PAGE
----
Mackenzie Boughey isn’t old enough to vote yet, but she spent the first couple weeks of March writing letters to all 188 state senators and delegates, asking them to listen to people her age.
“I’m doing all I can now, but it’s hard when you can’t actually vote,” said Mackenzie, 16, who is one of the organizers of Maryland’s March for Our Lives, taking part at 11 a.m. March 24 on Lawyer’s Mall in Annapolis.
Between schoolwork, a demanding lacrosse practice schedule and a breath-taking March full of St. Patrick’s Day bag-piping commitments, Mackenzie’s plate is pretty full. Yet she, and many of her peers, is finding time and new ways to have their voices heard.
“It’s students who are being directly impacted by mass shootings,” Mackenzie said. “I hope it will never happen to me, but there is a chance that it could.”
The tragic February 14 shooting of 17 people at Marjory Stoneman Douglas High School in Parkland, Florida, has galvanized teens around the country who are attempting to influence public policy, even if they, like Mackenzie can’t exercise the right to vote.
"When young people vote, they vote their dreams, when older people vote, they vote their fears. We need more dreams," said Annapolis civil rights activist, Carl Snowden, who has vigorously defended the Voting Rights Act for decades.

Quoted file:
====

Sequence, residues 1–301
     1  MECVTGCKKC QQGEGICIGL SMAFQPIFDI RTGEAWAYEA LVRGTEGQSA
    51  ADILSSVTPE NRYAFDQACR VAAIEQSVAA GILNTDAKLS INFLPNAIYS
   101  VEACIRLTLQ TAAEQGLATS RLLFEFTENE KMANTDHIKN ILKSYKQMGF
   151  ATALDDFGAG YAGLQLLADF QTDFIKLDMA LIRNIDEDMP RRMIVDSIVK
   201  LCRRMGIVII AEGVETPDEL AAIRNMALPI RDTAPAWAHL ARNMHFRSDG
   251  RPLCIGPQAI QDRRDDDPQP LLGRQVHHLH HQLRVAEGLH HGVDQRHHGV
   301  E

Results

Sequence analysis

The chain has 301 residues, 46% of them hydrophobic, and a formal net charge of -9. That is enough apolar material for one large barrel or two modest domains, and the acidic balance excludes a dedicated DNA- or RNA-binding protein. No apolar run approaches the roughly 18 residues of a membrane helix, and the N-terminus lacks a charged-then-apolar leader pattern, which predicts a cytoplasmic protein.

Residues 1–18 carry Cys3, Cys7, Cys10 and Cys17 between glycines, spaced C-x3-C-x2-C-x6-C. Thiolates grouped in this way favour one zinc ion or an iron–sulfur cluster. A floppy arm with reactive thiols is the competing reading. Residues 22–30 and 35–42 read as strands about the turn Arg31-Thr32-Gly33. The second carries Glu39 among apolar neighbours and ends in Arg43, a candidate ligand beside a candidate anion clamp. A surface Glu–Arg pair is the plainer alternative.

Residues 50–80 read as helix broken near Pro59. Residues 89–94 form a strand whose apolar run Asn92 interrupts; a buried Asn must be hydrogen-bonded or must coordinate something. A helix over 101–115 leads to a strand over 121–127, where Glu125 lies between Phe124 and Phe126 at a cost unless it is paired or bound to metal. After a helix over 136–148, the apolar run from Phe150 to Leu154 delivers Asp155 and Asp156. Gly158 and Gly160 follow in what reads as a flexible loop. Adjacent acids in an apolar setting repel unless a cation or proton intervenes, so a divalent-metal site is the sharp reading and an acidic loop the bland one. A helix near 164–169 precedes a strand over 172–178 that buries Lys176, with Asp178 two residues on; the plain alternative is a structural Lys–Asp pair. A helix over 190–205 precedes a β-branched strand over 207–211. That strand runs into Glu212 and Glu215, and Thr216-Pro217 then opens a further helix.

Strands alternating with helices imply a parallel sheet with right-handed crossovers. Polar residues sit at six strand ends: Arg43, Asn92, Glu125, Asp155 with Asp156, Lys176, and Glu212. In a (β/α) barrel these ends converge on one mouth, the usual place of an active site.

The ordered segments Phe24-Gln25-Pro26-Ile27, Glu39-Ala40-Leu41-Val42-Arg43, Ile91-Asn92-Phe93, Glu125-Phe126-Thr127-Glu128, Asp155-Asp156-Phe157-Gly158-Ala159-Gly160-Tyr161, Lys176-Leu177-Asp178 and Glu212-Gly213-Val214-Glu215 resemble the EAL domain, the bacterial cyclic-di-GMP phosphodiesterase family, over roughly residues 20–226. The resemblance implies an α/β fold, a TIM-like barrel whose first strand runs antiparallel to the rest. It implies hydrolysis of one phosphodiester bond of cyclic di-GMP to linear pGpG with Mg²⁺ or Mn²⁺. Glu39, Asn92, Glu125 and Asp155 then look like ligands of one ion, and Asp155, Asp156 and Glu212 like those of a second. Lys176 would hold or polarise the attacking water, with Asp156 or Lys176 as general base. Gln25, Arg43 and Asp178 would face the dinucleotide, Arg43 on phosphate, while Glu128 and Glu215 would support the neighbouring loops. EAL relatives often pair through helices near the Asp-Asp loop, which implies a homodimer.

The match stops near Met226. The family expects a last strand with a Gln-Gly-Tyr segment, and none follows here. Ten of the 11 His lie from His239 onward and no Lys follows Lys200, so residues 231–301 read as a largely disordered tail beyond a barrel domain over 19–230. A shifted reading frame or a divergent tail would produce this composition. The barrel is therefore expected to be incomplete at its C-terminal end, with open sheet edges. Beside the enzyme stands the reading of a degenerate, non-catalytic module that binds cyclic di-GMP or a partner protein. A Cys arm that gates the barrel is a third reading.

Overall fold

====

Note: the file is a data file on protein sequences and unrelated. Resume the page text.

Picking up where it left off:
Hamstrung by her age, Mackenzie, like her peers in Parkland, Florida, has decided to focus her energy on raising her voice to pressure politicians and demand action to stop school shootings.
“I was inspired by (the Parkland survivors) and I wanted to spread that movement in Annapolis,” said Mackenzie, a Severn School sophomore who is already registered to vote in the 2020 election. “It feels good to be seen as the voice of the future… We already have a lot of social media skills. We try to get involved that way because that’s where we’re most active.”
The Rev. Marguerite Morris, a senior for the Anne Arundel County NAACP Youth Council, said that a conversation about school shootings inspired some of the most impassioned conversations the group has had.
“Seeing children active on the national level is drawing others in to be active and take a stand,” said the Rev. Morris, who supervises Youth Council meetings, held every second Sunday at Kingdom Celebration Center in Odenton. “When you hear them speak, you can hear these 14-, 15- and 16-year-olds catching that fire to be active.”
That meeting, chaired by siblings Gevonya and Joshua Hilton, who are in college and high school, respectively, had the kind of “spark” that elected officials should heed, Rev. Morris said.
“You’re going to see policy changes,” the Rev. Morris said. “We’re here for a season, but when that shift changes, these are the ones who will be in power. What we do for them can make big changes. It’s about empowering young people and giving them opportunities to express themselves. When things happen that are important to them, they take notice.”
Whether they participate in a march or a conversation, civic leaders say it’s critical that youth find their voices and, as soon as legally possible, exercise their right to vote.
"In America the greatest march that a young person can be engaged in is the march to the ballot box,” said Carl Snowden.
For more information on the March for Our Lives, please visit the Action Annapolis website, and the March for Our Lives website.